finals. Steve Smith, the former
professional athlete who woh a
court injunction Tuesday allowing
him to compete in the trials, *lso
qualified.
The qualifying round in the shot
put proved just as rewarding for
University athletes. Jeff Stover threw
63-101/2to qualify 11th.
Oldfield qualified third with a
throw of 66-8Vfe. “I throw to amaze
people, then I'm amazed,” Oldfield
said.
The University sprinter Melanie
Batiste qualified for the women’s
200 meter semifinals, placing fifth in
her heat
Alberto Salazar placed third in the
10,000 meters, running a 28:10.42,
to become the first Duck to make the
Olympic Team.
Salazar finished behind Craig Vir
gin, 27:45.61, and Greg Fredricks,
28:03.14.
However, Leanne Warren could
only muster a fifth place finish
behind Madeline Manning in the
women’s 800 meters. Manning
clocked 1:58.3 to outdistance the
rest of the field. Warren clocked
2:02.8.
Patty Kearney and Sally Harmon
faired no better in the women’s
javelin competion. Karin Smith
earned a well-deserved first place
finish with a throw of 208-5, more
than a foot a head of her closest
challenger, Kate Schmidt — 207-4.
Kearney, one of four women to
reach the Olympic qualifying stan
dard this year, was knocked out of
contention by a 181-3 throw by Mary
Osborne, who became the fourth to
reach the mark in the last throw of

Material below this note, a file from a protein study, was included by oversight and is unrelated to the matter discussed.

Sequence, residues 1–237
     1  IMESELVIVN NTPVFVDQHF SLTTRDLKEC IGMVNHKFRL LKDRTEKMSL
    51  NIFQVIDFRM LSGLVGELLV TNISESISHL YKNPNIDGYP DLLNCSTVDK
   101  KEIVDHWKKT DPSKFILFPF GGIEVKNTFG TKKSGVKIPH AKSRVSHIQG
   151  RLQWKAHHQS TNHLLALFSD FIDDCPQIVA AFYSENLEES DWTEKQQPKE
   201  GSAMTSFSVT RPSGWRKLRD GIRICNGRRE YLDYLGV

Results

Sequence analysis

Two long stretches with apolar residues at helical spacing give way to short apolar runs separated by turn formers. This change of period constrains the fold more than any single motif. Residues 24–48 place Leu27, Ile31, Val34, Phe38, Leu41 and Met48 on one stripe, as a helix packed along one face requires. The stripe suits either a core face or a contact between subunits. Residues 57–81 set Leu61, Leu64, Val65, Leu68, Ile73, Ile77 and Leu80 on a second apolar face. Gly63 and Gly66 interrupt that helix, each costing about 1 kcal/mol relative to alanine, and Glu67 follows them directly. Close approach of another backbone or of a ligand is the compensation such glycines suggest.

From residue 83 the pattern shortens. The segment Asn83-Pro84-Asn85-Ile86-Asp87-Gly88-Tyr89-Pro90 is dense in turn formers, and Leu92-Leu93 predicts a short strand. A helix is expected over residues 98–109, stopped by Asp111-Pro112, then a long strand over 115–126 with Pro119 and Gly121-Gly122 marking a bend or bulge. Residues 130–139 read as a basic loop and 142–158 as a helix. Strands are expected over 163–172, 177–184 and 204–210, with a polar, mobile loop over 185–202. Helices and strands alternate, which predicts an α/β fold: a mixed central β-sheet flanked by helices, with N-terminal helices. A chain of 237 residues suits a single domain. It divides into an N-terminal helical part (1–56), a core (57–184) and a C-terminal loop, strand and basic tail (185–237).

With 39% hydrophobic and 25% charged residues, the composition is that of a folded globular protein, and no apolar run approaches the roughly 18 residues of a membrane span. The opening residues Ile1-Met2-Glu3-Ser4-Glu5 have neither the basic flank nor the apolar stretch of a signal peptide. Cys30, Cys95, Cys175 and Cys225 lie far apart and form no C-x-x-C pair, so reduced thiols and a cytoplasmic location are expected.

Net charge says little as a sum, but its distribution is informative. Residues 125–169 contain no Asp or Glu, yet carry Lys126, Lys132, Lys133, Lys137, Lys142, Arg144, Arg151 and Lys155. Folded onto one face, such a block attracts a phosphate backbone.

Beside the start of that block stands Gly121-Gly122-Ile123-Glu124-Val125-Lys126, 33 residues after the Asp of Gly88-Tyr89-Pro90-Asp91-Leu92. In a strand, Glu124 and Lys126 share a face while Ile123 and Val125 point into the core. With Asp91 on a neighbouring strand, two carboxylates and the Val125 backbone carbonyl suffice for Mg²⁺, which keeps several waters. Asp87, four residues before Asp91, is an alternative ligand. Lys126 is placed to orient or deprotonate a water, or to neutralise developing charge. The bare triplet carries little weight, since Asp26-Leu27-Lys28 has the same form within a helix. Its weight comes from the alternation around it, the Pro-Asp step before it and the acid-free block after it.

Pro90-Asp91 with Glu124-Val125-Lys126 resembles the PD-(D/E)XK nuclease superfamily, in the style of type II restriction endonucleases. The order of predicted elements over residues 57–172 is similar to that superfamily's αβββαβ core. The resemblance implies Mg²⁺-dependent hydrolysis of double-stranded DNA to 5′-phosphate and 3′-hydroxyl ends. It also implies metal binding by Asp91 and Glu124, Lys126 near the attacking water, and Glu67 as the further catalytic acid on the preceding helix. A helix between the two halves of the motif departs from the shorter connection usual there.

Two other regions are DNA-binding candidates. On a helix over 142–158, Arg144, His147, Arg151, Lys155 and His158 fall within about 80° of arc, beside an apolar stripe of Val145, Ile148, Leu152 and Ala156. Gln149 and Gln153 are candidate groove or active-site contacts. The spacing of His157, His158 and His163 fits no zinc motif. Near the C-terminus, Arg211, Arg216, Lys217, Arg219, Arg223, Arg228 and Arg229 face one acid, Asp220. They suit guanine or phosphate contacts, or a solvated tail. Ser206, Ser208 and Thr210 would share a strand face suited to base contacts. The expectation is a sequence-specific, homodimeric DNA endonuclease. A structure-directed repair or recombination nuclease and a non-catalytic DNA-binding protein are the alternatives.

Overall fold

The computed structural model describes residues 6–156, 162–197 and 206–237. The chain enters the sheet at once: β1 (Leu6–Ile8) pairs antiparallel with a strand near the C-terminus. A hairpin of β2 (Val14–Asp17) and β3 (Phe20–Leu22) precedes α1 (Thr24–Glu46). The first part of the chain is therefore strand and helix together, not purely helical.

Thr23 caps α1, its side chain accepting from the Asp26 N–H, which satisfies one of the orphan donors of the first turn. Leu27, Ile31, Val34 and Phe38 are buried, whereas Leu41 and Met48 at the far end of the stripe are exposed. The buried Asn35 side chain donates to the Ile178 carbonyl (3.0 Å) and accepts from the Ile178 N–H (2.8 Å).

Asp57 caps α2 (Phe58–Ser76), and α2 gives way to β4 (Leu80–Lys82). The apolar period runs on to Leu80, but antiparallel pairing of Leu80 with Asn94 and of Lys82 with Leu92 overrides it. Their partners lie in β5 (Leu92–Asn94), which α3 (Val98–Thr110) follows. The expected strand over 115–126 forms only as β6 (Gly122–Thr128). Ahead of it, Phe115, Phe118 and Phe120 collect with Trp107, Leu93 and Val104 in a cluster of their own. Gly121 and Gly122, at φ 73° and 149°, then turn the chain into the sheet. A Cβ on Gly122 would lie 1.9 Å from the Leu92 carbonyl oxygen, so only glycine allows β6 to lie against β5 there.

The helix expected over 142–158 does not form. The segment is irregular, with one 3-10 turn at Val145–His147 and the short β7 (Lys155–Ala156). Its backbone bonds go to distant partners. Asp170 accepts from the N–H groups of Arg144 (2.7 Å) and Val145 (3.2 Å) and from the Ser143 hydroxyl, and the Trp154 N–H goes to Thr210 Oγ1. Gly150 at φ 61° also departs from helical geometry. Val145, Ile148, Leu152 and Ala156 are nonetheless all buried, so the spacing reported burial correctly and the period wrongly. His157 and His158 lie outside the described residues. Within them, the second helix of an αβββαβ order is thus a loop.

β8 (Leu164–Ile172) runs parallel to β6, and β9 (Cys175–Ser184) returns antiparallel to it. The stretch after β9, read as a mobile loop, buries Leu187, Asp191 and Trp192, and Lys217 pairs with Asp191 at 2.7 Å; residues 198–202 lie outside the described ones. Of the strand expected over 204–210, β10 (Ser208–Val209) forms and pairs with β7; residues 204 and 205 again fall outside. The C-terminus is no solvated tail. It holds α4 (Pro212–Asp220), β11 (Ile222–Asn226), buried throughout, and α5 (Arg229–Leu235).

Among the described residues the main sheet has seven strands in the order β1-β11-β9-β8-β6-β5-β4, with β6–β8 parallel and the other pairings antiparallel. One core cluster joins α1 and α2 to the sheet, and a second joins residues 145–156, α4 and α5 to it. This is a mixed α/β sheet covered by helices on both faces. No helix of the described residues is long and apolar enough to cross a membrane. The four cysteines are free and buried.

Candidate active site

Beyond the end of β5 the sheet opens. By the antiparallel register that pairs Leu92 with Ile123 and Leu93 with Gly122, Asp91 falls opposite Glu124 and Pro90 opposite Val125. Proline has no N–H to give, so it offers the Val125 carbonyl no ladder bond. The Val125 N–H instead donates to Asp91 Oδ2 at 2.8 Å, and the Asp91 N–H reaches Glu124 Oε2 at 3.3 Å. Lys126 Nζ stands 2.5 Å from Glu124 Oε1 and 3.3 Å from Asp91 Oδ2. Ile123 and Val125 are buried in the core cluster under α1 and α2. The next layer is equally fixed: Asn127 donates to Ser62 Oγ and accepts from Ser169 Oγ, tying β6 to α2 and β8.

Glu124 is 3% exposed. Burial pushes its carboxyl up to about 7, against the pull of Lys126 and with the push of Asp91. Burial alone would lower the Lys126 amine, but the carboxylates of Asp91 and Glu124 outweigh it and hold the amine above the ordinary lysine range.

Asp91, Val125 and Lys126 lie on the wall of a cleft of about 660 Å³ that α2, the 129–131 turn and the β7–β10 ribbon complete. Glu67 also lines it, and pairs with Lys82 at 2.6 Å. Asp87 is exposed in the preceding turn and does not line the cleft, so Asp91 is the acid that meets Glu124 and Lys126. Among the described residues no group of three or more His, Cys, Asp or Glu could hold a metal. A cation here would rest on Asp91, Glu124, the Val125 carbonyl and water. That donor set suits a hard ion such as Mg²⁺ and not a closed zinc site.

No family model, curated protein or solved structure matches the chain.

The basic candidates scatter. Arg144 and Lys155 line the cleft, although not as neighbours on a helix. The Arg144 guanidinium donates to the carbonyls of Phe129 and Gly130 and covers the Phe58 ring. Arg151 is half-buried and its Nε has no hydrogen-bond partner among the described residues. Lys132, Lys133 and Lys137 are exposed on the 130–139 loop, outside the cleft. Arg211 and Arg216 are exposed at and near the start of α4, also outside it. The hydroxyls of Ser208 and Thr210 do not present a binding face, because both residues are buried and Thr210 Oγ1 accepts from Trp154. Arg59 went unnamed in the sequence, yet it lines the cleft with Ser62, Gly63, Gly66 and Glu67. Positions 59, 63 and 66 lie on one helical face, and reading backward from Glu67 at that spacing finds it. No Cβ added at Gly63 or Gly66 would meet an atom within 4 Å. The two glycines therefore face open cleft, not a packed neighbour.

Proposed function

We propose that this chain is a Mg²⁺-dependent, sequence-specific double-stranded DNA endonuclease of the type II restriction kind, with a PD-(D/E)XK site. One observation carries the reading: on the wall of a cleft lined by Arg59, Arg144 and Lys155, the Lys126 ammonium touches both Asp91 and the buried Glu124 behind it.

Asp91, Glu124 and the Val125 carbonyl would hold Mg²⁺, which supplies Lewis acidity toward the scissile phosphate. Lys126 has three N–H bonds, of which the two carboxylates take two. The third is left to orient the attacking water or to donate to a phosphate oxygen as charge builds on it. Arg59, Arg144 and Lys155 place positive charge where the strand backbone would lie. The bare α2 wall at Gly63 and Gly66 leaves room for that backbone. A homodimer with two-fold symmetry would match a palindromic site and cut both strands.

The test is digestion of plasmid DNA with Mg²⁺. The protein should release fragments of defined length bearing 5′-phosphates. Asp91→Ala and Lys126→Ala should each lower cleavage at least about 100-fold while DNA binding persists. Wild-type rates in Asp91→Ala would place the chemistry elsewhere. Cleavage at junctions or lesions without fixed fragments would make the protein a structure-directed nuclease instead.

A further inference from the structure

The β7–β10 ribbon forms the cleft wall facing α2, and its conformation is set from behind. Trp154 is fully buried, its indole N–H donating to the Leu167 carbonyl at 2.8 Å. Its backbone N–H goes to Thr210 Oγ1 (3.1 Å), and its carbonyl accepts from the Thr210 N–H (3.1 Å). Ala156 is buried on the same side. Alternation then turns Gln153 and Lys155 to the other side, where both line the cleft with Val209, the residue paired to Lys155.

the competition.
Kearney threw 166-3, while Har
mon managed a 154-9.
Philly plans
track meet
The U S. Olympic Team, and teams
from at least nine other nations, will
compete in Philadelphia July 16-17, The
Athletic Congress and the University of
Pennsylvania announced Wednesday.
The Liverty Bell Track and Field Clas
sic will be the only meet the U.S. team will
have on American soil, and will be the
second competition following comple
tion of the trials.
The schedule for the squad includes a
track meet in Stuttgart, West Germany,
July 11-12; London, July 13; Oslo, July
15; Philadelphia, July. 16-17; Rome,
August 5; Berlin, August 8; and Zurich,
August 13.
Joining the U.S. in the international
meet will be athletes from West Ger
many, Kenya, Canada, Barbados, Ber
muda, Israel, Norway, New Zealand and
Swaziland.
The meet was scheduled to take place
in Berkeley, Calif., but TAC offered it to
Philadelphia, which had already turned
the invitation down once. The meet was
shortened to only one day to lessen
security needs in Philadelphia.
Before Philadelphia officials accepted
the TAC offer, track fans in Eugene were
hinting that the city might end up hosting
the meet despite the short time left to
prepare.
Salazar makes the team
orones oy
TAMARA SWENSON
Of the Emerald
Alberto Salazar became the first
University athlete to make the U S
Olympic Team, running a 28:10.42 in
the men’s 10,000 meters Tuesday.
Salazar finished third behind Craig
Virgin, 27:45.61, and Greg Fredericks,
28:03.14 ”l just wanted to make the top
three," Salazar said.
Virgin set an Olympic Trials record
before 14,100 fans as he out distanced
his closest challenger by more than 100
meters.
But Salazar, who redshirted this year
to prepare for the Olympics, was clearly
the local favorite. "The fans really
helped a lot," he said. "They kept me
going on the straight away.”
Salazar led the pack, clocking 66
seconds the first lap, and then adding
67 for the second and third laps before
yielding the lead to Virgin. Until the final